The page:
Brownfield Blooms

ENVIRONMENT

Industrial wastelands sound like grim places but many of them are refuges for fascinating plants. (Guardian)

Exotic flowers thrive in nutrient-poor soils, but what are nutrients? Use our resources to find out.

Teachers, scroll down for a quick list of key resources in our Teachers’ Toolkit.


Discussion Ideas

 

  • One of the common characteristics of brownfield sites is their nutrient-poor soil. What is a nutrient? Use our easy encyclopedic entry for some help.
    • Nutrients are chemical substances found in every living thing on Earth. They are necessary to the lives of people, plants, animals, and all other organisms.
    • Plants usually absorb nutrients from soil and water. The most important nutrients for plants are often grouped together by the acronym CHNOPS (shnahps). The letters stand for the elements’ chemical abbreviations:
      • C (carbon)
      • H (hydrogen)
      • N (nitrogen)
      • O (oxygen)
      • P (phosphorus)
      • S (sulfur)
      • Other important nutrients are calcium (Ca) and magnesium (Mg).

 

  • Read through the super-short Guardian article. What are some of its examples of industrial activities contributing to nutrient-poor soils?
    • Runoff and waste from a former sewage-processing plant contributed to one area’s calcareous soil. Calcareous simply means “chalky,” and chalky soils do not contain many nutrients.
    • Runoff and waste from a sodium carbonate factory contributed to another area’s alkaline soil. (Sodium carbonate is a major component of glass manufacturing.) Alkaline soil is a type of clay (soil) that contains salts (alkalis). Alkaline soil is notoriously nutrient-poor and for that reason is considered one of the most difficult soils to develop for agriculture.
    • Finally, tons of fly ash from coal-fired power plants were dumped in pits along the Thames estuary. Fly ash contributed to an extremely alkaline freshwater marsh ecosystem.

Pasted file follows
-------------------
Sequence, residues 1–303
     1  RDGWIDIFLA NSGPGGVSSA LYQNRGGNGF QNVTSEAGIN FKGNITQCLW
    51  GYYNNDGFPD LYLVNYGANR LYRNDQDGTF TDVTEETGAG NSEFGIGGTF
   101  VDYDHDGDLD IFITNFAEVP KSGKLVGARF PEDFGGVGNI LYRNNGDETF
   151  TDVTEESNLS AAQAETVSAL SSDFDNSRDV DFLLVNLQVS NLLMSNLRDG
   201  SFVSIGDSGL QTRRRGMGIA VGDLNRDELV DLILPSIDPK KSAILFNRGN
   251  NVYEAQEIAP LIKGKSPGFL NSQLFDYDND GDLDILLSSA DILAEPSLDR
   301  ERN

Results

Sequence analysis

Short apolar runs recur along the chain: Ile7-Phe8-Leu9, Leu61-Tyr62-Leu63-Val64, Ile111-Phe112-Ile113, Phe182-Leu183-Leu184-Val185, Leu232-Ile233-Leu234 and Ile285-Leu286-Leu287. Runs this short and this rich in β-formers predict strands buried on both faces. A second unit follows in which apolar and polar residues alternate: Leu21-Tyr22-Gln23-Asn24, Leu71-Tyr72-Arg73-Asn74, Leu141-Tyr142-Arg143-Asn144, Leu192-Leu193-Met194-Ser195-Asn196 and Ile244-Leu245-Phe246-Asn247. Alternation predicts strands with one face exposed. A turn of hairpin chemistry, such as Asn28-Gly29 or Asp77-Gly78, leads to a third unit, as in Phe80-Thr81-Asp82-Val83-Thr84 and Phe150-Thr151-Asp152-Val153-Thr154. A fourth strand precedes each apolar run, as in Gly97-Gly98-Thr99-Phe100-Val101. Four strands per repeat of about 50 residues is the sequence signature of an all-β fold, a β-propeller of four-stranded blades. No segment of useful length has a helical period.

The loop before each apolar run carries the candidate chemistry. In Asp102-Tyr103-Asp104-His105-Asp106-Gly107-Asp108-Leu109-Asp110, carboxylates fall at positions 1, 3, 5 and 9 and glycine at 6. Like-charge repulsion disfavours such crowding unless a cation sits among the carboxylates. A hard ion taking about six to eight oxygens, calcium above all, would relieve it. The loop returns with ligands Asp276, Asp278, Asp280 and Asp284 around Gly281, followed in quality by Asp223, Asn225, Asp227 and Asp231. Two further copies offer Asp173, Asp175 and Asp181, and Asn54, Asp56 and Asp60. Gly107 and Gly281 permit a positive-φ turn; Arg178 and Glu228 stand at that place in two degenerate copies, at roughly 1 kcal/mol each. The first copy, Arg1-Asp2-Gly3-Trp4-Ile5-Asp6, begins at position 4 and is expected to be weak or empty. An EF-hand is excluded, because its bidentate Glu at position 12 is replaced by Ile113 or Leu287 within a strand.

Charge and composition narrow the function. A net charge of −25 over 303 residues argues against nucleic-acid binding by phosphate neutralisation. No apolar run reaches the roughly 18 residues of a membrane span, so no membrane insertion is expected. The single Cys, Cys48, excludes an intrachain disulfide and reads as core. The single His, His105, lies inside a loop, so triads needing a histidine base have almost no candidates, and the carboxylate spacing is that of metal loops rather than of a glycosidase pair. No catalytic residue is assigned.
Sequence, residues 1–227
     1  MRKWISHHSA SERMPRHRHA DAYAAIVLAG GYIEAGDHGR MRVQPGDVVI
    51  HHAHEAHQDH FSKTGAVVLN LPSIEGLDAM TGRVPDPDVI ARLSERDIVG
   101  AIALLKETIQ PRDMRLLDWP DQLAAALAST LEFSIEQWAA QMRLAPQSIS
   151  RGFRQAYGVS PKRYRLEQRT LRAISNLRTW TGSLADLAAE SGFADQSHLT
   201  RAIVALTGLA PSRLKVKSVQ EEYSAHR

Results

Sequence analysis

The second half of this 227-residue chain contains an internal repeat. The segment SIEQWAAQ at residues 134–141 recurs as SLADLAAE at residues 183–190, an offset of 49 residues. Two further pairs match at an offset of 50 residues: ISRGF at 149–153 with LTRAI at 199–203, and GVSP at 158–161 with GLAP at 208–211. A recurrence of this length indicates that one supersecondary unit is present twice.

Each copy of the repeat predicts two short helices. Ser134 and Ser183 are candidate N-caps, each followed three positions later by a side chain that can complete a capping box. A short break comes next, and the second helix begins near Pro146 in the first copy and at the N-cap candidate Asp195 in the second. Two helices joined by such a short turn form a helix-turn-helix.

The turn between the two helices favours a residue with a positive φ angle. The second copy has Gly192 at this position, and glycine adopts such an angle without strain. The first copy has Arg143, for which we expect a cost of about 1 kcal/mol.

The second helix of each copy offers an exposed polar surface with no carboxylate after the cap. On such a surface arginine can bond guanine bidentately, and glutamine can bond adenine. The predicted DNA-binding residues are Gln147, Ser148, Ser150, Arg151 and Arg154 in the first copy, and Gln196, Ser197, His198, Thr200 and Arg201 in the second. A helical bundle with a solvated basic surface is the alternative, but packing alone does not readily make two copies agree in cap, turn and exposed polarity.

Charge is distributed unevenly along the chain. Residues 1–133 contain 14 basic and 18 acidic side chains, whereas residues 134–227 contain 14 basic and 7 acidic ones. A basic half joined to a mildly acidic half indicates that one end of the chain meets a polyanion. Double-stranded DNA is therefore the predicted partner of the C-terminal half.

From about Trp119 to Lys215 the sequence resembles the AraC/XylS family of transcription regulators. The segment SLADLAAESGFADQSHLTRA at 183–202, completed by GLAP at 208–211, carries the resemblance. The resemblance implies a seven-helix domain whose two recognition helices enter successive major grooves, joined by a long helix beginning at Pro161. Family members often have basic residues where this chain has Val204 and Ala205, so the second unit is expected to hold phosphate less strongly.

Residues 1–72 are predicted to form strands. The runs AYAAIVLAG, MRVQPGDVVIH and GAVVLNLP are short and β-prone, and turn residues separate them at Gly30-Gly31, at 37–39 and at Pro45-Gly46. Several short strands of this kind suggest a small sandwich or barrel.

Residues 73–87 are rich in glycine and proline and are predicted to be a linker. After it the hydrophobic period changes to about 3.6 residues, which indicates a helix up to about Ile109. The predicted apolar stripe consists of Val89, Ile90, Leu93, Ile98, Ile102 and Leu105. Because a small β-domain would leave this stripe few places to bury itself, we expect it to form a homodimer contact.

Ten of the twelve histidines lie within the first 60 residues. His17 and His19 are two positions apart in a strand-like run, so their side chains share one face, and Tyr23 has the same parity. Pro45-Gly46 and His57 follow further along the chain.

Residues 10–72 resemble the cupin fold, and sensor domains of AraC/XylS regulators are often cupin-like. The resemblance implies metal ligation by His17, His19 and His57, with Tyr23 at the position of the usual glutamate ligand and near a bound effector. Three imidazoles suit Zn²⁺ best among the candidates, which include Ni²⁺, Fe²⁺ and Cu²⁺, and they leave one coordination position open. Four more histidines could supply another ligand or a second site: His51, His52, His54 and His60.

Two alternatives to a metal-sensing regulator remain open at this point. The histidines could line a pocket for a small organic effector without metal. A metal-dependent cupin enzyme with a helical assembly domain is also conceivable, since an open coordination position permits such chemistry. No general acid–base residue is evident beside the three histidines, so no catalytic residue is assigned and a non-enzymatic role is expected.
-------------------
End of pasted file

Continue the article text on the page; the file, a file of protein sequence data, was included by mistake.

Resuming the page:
• With such poor soil, how do orchids obtain nutrients they need to survive?
    • Orchids are strange plants that don’t have a traditional root system.
      • Many orchids are epiphytes, meaning they grow on another plant (usually a tree or shrub), not in soil. In fact, immersion in soil may smother delicate orchid roots. These orchids obtain water and nutrients from air, precipitation, and the debris that collects around them.
      • Some orchids are tubers, meaning they have enlarged structures used for collecting and storing nutrients.

 

  • What other plants have adapted to nutrient-poor soils?
    • A lot!
      • Many succulents, such as cacti, are able to collect and store scarce water and nutrients for long periods of time.
      • Rain forests are some of the planet’s most important carbon sinks, but most nutrients (including carbon) are part of the vegetation itself, not the soil. Rain forest soil is notoriously poor.
      • Some of our favorite plants that have adapted to nutrient-poor soils are carnivorous plants, such as Venus flytraps and sundews. These plants obtain nutrients through the decaying bodies of their insect prey.

 

 

TEACHERS’ TOOLKIT

Guardian: From the wasteland a rich carpet of orchids

Nat Geo: What is a nutrient?

Nat Geo: Do-It-Yourself Bioblitz

One response to “Brownfield Blooms

  1. Pingback: What’s at Stake in Proposed Cuts to the EPA? | Nat Geo Education Blog·

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